Tom Watson has quit as deputy leader of Labour dealing Jeremy Corbyn a blow as the party's General Election campaign kicks into gear.
Mr Watson has said he made the decision to spend more time with family and the move is "personal, not political".
He said he will still campaign over the coming weeks and only formally leave the role of deputy leader on December 12.
Labour will be forced to field a new candidate in Mr Watson's vacated seat of West Bromwich East, which he has held since 2001.
His letter to Mr Corbyn tonight said: "Serving the Labour Party has been the privilege of a lifetime. I joined in 1982 and never imagined that one day a kid from Kidderminster would be the party’s Deputy Leader.
"Most importantly for me, for the last 18 years it’s been my immense honour to represent people from Sandwell. It’s hard to find words to express my deep gratitude to the people who trusted me to fight their corner."
He addd: "But now is the right time for me to stand down from the House of Commons and start a different kind of life. The decision is personal, not political.
"The last few years have been among the most transformational of my personal life, second only to becoming a proud father of two beautiful children. I’ve become healthy for the first time, and I intend to continue with this work in the years to come.
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"I want to thank you for the decency and courtesy you have shown me over the last four years, even in difficult times."
In response, Mr Corbyn thanked him for his contribution to the party and said he had respected his decision.
He also said he hoped the "horseradish plant" he had given him as a gift thrived. Both men commented on their shared love of horticulture.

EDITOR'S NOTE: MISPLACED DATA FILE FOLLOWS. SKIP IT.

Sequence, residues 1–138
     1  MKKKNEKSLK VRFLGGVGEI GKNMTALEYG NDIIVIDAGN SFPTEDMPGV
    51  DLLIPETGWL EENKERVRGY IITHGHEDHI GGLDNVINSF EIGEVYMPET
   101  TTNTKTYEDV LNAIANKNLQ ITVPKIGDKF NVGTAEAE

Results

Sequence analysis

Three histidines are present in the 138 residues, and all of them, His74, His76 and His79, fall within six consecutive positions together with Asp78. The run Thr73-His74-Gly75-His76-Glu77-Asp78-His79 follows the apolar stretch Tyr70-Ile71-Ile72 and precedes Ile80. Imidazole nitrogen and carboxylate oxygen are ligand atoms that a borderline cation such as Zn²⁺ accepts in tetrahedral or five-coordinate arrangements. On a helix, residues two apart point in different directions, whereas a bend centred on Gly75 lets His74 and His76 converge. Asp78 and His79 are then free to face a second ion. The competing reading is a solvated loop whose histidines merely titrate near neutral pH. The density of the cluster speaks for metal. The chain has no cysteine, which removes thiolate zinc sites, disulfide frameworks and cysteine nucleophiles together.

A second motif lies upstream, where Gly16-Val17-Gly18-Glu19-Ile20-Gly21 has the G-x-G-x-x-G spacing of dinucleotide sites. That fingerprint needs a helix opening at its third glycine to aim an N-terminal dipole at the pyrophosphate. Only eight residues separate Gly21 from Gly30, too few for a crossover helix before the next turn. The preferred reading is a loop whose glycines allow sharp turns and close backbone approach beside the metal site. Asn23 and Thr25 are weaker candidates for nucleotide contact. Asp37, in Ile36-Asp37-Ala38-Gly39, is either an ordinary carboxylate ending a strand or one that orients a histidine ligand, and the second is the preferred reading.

Mr Watson was elected deputy at the same time Mr Corbyn scooped the top job in 2015.
But his tenure has not been without controversy – he faced calls to resign after giving vocal support to the false VIP paedo ring claims made by the fantasist Carl Beech, who was originally known as "Nick".
He even said there was "clear intelligence" of a powerful paedo network linked to parliament and Number 10.
He also repeatedly clashed with Mr Corbyn's hard-left supporters who tried to remove him, and disagreed with the leader on some policy issues.
Tonight, opening the Tory campaign in the West Midlands he said it would be the "most important election in a generation".
The Prime Minister said he had been forced to go to the country because Parliament was "paralysed" over Brexit.
He said MPs had become incapable of functioning "like an anaconda which had swallowed a tapir".
"For three-and-a-half years we have had non-stop political manoeuvring to stop Brexit and thwart the will of the people," he said.
Tonight Daniel Janner, son of the late Labour MP Lord Janner, who was one of the victims of Beech claims, said Mr Watson's position had become "untenable".